I always enjoy hearing the piano played well, and this morning I had the particular pleasure of hearing young people (aged c15-17) perform in a masterclass led by renowned pianist and teacher Andrew Ball. I was there at the invitation of Andrew Matthews-Owen who teaches at Trinity-Laban Conservatoire.
The Masterclass format offers a powerful tool for learning and teaching. For the performer, it is an opportunity to play for other people, including the teacher leading the class, in a more formal performance setting (in this instance, the beautiful Peacock Room at Trinity) and to have one’s playing critiqued by someone other than one’s regular teacher, which often leads to new insights and ideas about the music, how to shape it, communicate it and bring greater expression and imagination to one’s performance. For observers, it’s a chance to hear complete pieces in performance, and for a teacher, there is much to be gained in watching someone else teaching, and to share their wisdom.
Andrew Ball is a most sympathetic, kind and encouraging teacher. Where once the masterclass was an ordeal for the participants, putting their music before an opinionated master teacher, under the auspices of a generous, understanding teacher, the class becomes an exchange of ideas and a positive experience for all involved.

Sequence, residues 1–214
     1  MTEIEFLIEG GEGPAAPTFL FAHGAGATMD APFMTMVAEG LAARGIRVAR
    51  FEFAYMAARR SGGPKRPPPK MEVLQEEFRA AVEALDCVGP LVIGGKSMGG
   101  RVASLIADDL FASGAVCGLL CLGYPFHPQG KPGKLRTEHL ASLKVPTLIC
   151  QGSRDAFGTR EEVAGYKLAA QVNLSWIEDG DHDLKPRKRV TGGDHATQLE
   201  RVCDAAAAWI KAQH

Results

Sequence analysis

Six teenagers performed music by Chopin, Ravel, Prokofiev, Sculthorpe, McCabe and Burrell. The intention of this particular class was to reveal connections between 20th century and contemporary piano music and to demystify contemporary music, which is too often regarded as esoteric, inaccessible, atonal or “difficult” (for player and audience). The choice of music was impressive – the pieces selected by the young people themselves – and demonstrated a deliberate move away from the strict confines of exam repertoire. In fact, all these young people were playing advanced/post-Grade 8/Diploma level repertoire, and they all played with poise, quiet confidence, musicality and individuality. They were unselfconscious, with no hint of trying to imitate a particular professional performer, and they played without pretensions or affectation. Their naivety (and I use the word in the best possible sense) allowed them to approach their music with a freshness, free of any preconceptions, interpreting what was given to them on the page, and with Andrew’s gentle guidance, they were encouraged to project their personal musical imagination to the audience with colour and expression.
In addition to Andrew’s inspirational teaching, I was particularly impressed by the sophisticated choice of repertoire (see below for full list) by these young people and the care with which they had prepared their pieces.
Chopin – Nocturne Op 27/2
Ravel – Oiseaux Tristes from Miroirs
Prokofiev – Sonata No. 3
Sculthorpe – selection from Night Pieces
McCabe – Bagatelles 1 & 2
Burrell – Constellations 1 & 2